On a recent ECHO survey, one student said, “No one’s racist at this school.”
This statement is completely false. Webster Groves High School, like other schools, has had racism since the day its doors opened.
The 1966 documentary “16 in Webster” said “Webster Groves is six square miles of the American dream.” It was and still is the American dream- for Caucasian residents and students.
In the film, no black students were in any organizations except football. Cheerleading for black women was not an option because it was based off “image.”
About hanging out with black students, one student in the film said, “A couple of those guys…wanted to go out on a double date or something like that; my father for one wouldn’t let me, and I really don’t think that I’d want to.”
Races were separate but not equal 50 years ago. The racism was something that was seen as normal and not called out on, but it has been 50 years since “16 in Webster,” and the same underlying racist ideologies still remain throughout the halls.
Fifty years later, minorities still feel as if they’re targeted based on their skin tone. The only difference now is racism is unacceptable, but still blatant.
About racism in the school, freshman Carlos Byrd, a Hispanic student said, “Most of it was during election season with many students asking, for example, ‘Did you have to climb over the wall to get to school today’ or shouting ‘get deported’ in my face. Although this has died down, it still happens occasionally.”
“It makes me feel furious, but I neither want to get in trouble for lashing back or to stoop to their level by insulting them back. I just tried to bottle it up until I found something that I could take it out on. I had trouble actually paying attention in class because of this,” Byrd said.
An ECHO survey revealed 76.1 percent of 73 student respondents have seen or experienced racism at the school, while 90.4 percent believe there may be white supremacists and/or Neo-Nazis at Webster. These statistics are surreal.
Anyone who identifies him/herself as an ally, a feminist, or a friend of any person of color must stand up when racist comments are made. White silence is consent, and right now, most students are consenting to the oppression that students of color must endure while attending school.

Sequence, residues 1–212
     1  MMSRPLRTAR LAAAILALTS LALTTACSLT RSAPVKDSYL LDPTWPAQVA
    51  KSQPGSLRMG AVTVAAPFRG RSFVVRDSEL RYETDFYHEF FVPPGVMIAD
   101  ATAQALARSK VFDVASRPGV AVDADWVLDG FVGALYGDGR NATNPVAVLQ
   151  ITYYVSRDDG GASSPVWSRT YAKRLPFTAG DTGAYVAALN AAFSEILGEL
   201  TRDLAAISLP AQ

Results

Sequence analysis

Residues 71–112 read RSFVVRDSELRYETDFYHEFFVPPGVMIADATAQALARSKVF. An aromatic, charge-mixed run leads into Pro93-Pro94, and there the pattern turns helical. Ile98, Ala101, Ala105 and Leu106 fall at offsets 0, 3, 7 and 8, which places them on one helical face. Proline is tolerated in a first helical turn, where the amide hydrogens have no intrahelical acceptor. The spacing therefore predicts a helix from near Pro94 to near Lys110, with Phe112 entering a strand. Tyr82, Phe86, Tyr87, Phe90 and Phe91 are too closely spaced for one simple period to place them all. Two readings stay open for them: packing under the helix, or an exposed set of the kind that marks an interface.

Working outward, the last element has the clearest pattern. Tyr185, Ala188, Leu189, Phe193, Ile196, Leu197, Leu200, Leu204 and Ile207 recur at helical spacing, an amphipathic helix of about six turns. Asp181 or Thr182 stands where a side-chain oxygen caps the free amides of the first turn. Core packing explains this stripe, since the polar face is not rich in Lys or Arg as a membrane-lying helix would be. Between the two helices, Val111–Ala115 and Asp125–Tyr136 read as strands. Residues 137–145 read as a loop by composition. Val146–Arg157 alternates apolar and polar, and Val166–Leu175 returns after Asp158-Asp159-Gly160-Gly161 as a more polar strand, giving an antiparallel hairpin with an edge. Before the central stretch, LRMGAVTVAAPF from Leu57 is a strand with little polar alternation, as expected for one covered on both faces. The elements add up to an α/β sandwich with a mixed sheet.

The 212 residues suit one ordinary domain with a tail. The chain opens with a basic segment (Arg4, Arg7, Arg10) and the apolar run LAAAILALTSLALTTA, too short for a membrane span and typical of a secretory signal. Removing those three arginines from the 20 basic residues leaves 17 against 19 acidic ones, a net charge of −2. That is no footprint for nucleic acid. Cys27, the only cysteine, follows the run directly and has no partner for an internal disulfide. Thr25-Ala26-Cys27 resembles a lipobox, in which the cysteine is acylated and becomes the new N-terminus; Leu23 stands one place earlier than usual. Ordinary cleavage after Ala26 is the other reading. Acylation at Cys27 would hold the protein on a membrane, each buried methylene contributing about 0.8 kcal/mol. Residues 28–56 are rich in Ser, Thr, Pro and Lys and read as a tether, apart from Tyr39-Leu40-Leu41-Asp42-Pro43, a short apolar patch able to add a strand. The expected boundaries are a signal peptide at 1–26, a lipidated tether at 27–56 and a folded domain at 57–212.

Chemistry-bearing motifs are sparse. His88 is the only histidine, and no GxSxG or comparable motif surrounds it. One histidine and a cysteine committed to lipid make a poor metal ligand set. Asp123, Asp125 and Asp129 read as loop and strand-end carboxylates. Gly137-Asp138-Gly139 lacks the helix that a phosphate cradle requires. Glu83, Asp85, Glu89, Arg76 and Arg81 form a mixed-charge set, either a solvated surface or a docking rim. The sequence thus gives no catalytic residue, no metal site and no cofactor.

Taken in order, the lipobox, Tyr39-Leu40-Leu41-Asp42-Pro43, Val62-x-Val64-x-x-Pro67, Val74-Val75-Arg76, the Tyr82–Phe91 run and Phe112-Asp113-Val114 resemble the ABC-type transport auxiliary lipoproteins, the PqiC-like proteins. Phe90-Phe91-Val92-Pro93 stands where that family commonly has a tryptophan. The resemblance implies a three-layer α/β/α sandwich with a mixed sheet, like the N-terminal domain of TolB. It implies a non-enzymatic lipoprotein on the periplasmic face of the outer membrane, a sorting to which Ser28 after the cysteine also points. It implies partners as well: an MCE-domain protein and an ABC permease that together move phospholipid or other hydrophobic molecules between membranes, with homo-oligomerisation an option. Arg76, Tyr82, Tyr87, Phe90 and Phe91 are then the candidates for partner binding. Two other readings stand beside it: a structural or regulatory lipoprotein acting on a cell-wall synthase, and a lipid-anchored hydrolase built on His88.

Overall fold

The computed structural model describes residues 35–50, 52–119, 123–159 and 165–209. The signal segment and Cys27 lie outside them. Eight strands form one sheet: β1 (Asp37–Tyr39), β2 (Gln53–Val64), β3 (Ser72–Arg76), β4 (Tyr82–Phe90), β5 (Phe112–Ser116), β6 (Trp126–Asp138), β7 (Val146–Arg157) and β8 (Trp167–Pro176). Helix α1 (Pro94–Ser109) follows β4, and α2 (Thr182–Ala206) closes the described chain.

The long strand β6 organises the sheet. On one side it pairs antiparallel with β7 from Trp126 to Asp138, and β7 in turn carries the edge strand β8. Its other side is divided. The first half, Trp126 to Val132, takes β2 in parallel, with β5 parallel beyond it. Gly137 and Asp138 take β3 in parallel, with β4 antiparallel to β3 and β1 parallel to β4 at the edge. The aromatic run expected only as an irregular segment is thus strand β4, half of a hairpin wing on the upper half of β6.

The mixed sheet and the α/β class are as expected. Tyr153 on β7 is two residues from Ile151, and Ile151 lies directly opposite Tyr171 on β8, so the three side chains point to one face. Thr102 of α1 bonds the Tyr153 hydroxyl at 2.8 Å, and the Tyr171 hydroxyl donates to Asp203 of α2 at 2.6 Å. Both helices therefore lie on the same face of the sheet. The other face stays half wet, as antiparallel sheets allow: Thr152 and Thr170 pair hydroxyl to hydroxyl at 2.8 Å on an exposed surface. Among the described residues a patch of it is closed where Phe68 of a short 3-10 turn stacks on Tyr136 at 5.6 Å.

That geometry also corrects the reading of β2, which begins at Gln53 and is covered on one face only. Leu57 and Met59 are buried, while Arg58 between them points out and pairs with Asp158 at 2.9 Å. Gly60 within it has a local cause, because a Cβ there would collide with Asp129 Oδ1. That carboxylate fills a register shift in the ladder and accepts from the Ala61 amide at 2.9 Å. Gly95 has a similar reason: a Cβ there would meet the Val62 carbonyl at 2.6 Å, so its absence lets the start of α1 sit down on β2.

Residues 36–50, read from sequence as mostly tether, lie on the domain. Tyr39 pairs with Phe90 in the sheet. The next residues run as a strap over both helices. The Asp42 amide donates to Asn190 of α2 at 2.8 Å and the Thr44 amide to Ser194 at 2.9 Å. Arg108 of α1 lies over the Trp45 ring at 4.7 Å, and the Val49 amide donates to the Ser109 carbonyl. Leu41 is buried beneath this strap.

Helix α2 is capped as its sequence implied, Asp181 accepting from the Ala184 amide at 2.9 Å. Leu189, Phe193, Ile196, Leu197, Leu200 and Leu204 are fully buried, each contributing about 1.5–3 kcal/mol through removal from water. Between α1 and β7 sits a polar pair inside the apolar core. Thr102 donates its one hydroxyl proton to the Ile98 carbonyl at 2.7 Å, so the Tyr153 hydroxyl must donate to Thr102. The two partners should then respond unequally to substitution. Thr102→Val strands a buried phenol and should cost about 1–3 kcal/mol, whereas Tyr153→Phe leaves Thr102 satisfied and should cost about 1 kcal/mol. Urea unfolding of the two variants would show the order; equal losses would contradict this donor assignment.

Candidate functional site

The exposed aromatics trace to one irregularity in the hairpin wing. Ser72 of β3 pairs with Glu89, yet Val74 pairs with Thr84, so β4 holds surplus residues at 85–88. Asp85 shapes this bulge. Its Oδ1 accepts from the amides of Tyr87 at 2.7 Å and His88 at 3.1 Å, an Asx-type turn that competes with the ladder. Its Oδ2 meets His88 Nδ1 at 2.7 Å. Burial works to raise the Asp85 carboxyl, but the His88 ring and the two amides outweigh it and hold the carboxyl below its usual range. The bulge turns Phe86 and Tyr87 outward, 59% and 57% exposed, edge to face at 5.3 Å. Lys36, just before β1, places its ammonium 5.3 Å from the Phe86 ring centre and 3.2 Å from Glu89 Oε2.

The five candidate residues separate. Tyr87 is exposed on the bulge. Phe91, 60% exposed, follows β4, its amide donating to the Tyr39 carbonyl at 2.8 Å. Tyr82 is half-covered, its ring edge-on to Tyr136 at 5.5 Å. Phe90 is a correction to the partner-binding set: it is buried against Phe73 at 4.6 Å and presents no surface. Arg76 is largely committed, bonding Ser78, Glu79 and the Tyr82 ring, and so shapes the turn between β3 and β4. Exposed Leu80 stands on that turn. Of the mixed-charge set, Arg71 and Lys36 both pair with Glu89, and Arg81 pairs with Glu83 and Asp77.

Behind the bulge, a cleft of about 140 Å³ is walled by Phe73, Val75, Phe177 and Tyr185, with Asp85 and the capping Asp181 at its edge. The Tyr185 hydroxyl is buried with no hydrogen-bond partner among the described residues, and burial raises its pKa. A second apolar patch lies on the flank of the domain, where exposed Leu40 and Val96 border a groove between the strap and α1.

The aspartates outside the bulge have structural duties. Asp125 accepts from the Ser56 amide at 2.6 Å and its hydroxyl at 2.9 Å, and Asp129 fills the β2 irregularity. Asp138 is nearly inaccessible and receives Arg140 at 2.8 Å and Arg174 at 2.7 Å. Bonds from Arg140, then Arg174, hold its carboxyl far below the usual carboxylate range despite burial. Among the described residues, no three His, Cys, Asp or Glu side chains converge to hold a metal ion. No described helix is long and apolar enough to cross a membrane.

Mexican-American junior Sophia Gotto said, “A boy in my Spanish class told me, ‘Trump will put you back in the fields and back in the kitchen where you belong.’”
It is no longer the 1950s: the year is 2018. People of all colors, religions and sexualities are becoming more accepted in the world, but there is still hatred everywhere. Webster has the chance to make the school a place where prejudice no longer resides.
As Nelson Mandela once said, “No one is born hating another person because of the color of his skin, or his background or his religion. People learn to hate, and if they can learn to hate, they can be taught to love, for love comes more naturally to the human heart than its opposite.”
Students must learn to fill themselves with kindness instead of hatred. There was a time when students were taught that Christopher Columbus was a hero. The same students now recognize the seemingly great acts he committed were evil. Students must be educated more on topics regarding race and oppression in order for them to be less oppressive to others.
About speaking up, Gotto said, “Students…say something, please say something. There have been incidents where students feel scared or afraid to fight back, so their issues with it never get reported. No one should feel scared when they are wronged in a situation.”
The school and its students have come a long way since 50 years ago, but more has to be done to empower students of color and become a place of acceptance. The students at Webster Groves can be better. Webster Groves can be better.
Another student response from the survey said, “Racism has been around…forever, if we don’t change that soon, it will be around forever longer.”
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